Elections Series: Zambia — Presidential and Parliamentary
Author: Max Méndez-Beck
On Thursday, August 12th, Zambians went to the polls to elect the country’s next president and the members of the National Assembly. President Edgar Lungu ran for reelection against opposition party leader, Hakainde Hichilema, in a campaign that featured rising levels of political violence and intimidation, unusual for a country that had been consolidating democratic rule since the 1990s.
In the week prior to the election, we brought together a panel of three political scientists with expertise in the country to discuss with us this critical moment for Zambia:
Kate Baldwin is a member of the EGAP network and an Associate Professor of Political Science at Yale University. Her 2016 book, The Paradox of Traditional Chiefs in Democratic Africa, investigates how unelected traditional leaders can facilitate democratic responsiveness, with a particular focus on Zambia.
O’Brien Kaaba is a Lecturer in Law at the University of Zambia and a Senior Research Fellow at the Southern African Institute for Policy and Research (SAIPAR). He is an Associate Editor of the SAIPAR Case Review Journal and co-editor of Democracy and Electoral Politics in Zambia.
Ken Opalo is a member of the EGAP network and an Assistant Professor at the Edmund A. Walsh School of Foreign Service at Georgetown University, where he is a faculty member of the African Studies Program and the Georgetown University Initiative on Innovation, Development, and Evaluation (Gui2de).
Q: Like many other aspects of daily life, the pandemic has played a significant role in the elections that have taken place around the world in the past eighteen months. Dr. Kaaba, how has the pandemic affected the political conditions and electoral campaigning in the lead up to the election in Zambia?
O’Brien Kaaba: Zambia’s democracy was in decline before the pandemic. Civic space was shrinking. Civil society and the opposition were continually persecuted. The COVID-19 pandemic provided an opportunity to further shrink the political space which was already under heavy assault. The government and the ruling party, with the support of a compromised police service and electoral commission have used the COVID-19 pandemic to further restrict meetings, while allowing the ruling party monopoly to freely campaign.
Q: According to various human rights organizations, political violence and intimidation have been on the rise in Zambia, particularly as the election draws near. Professor Baldwin, could you explain some of the key dynamics of the current political environment?
Kate Baldwin: In the past five years, the government has used a variety of forms of intimidation against political opponents. Prominent opposition leaders have been in and out of jail, but even teenage social media users have been arrested for criticizing the president. The police have used lethal force against opposition protests. During the election campaign, the police have disproportionately used force against meetings of the main opposition party, the United Party for National Development (UPND), according to the report from the Christian Churches Monitoring Group (CCMG).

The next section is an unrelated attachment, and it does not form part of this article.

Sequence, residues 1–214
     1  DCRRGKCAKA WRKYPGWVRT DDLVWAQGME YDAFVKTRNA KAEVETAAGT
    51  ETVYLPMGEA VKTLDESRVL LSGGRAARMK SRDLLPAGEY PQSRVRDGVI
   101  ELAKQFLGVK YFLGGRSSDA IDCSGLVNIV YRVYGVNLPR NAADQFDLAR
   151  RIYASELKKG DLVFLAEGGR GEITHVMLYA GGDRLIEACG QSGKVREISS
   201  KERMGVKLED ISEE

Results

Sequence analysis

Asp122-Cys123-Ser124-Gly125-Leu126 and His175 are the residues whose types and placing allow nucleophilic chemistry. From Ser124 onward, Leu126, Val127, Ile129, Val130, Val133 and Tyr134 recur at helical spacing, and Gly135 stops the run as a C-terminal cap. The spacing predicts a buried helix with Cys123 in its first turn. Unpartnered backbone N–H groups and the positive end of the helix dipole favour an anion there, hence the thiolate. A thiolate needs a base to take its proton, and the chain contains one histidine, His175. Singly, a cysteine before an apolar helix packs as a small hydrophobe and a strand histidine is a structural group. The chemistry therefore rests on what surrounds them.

There has also been significant violence between supporters of the ruling Patriotic Front (PF) and the UPND. Although the government has blamed the opposition for the violence, the CCMG report suggests the violence is more often instigated by the ruling party. In response, the president has taken the unprecedented step of calling in the army to “curb the political violence”, sending armored vehicles into many urban communities.
As a result, Zambians are currently very fearful of election violence, more afraid than one might expect given that the country has not experienced large-scale violence in past elections. Recent research by Professor Michael Wahman at Michigan State University shows that Zambians fear political violence about as much as their neighbors in Zimbabwe, with fear highest for opposition supporters.
Q: According to V-Dem, following two decades of increasing democratic governance, Zambia has in the past five years experienced democratic backsliding. How has this decline in democratic governance affected citizens’ views of the upcoming election and the incumbent candidate?
Kate Baldwin: The current government has challenged many democratic norms, including allowing Lungu to run for a third term and trying to reduce checks on the president’s power. I have been conducting research on whether the government’s anti-democratic actions are likely to reduce support for the ruling party in collaboration with the Program on Governance and Local Development at Gothenburg University.
Part of this research examines the extent to which Zambians punish anti-democratic positions when asked to evaluate hypothetical candidates. The good news for democracy is that Zambians severely punish candidates who take anti-democratic positions, more so than Americans do when presented with similar scenarios. The bad news is that the size of the anti-democratic penalty has dropped as the election has neared. Furthermore, although Zambians can clearly identify many of the policy stances that the government has taken as anti-democratic when asked to consider hypothetical scenarios, when it comes to real-life evaluations, democratic commitment is viewed with a highly partisan lens; opposition and government supporters both rate their own party as highly committed to democracy and the other party as relatively less committed. As a result, I am not confident that the high value Zambians place on democracy will translate into lower support for the ruling party in the coming election.